# Hurst Exponent and fractional differencing

I have a quick question.

Currently I study daily OHLCVs of some stocks and find that many of them have the Hurst exponent not being equal to 0.5. I know that if it is less than 0.5 then it is a mean reverting series, if more than then it is a trending series. But my question is if $$H$$ $$\neq$$ $$0.5$$ then it is a series containing some memory, should I fractionally differentiate the original price series and work with the new, differentiated, series, for example, for the next day price movement prediction?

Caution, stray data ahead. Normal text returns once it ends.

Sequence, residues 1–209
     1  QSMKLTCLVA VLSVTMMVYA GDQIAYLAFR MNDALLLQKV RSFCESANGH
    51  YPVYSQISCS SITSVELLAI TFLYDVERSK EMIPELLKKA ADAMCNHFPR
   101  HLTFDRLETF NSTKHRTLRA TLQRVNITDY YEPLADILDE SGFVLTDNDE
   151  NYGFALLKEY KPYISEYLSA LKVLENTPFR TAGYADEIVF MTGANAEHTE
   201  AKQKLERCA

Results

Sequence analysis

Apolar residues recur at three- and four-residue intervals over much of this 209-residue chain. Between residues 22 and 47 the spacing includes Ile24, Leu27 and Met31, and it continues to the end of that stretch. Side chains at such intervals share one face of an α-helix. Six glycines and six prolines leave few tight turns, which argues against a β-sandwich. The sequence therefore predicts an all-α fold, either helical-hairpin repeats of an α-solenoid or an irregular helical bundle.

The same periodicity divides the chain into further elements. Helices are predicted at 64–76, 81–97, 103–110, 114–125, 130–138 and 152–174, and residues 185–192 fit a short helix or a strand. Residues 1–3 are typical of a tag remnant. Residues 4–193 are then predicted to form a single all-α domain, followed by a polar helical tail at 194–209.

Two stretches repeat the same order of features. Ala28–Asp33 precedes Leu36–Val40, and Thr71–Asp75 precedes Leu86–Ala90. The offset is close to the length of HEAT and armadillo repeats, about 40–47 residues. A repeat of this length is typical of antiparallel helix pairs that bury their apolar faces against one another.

I worked through the formula of fractional differentiation and, indeed, found that when we use lags between 0 and 1, we assign some weights to previous prices so that some "info" about them can be included in current price.

I mean, it seems quite legit for me but I do not see much formal research going on using these principles while there are many stocks where the Hurst exponent indicates that they are not random walks (at least, in my sample). Are there any theoretical issues with the HE?

Would be really happy if you can guide on these questions and provide some sources to read!

Thank you!

• What exactly is your objective? Apr 2 '20 at 20:22